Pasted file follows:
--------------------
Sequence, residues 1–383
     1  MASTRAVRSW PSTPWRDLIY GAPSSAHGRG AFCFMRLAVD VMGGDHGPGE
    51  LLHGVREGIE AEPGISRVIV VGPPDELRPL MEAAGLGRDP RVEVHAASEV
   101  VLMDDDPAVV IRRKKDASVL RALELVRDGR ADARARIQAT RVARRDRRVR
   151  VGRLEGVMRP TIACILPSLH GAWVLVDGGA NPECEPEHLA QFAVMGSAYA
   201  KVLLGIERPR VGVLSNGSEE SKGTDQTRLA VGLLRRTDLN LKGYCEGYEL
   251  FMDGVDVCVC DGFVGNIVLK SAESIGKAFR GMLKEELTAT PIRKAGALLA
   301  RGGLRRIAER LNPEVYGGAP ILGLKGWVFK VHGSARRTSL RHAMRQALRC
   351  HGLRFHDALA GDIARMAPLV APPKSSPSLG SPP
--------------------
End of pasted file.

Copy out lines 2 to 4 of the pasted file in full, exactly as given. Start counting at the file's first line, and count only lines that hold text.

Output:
     1  MASTRAVRSW PSTPWRDLIY GAPSSAHGRG AFCFMRLAVD VMGGDHGPGE
    51  LLHGVREGIE AEPGISRVIV VGPPDELRPL MEAAGLGRDP RVEVHAASEV
   101  VLMDDDPAVV IRRKKDASVL RALELVRDGR ADARARIQAT RVARRDRRVR